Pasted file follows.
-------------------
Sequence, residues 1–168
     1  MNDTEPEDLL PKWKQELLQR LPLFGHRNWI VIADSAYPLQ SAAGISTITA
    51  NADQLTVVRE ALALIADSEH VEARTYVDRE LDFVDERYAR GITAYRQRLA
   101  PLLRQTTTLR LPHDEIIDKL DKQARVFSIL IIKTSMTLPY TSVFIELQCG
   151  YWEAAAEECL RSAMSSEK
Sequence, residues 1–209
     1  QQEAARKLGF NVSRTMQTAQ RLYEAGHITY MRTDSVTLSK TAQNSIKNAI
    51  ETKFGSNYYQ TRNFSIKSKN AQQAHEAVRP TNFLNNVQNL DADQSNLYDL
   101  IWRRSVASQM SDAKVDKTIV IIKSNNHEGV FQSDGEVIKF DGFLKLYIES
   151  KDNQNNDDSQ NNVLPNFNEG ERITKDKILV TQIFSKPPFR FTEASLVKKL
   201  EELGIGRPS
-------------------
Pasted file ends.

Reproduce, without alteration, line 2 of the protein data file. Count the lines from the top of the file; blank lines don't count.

     1  MNDTEPEDLL PKWKQELLQR LPLFGHRNWI VIADSAYPLQ SAAGISTITA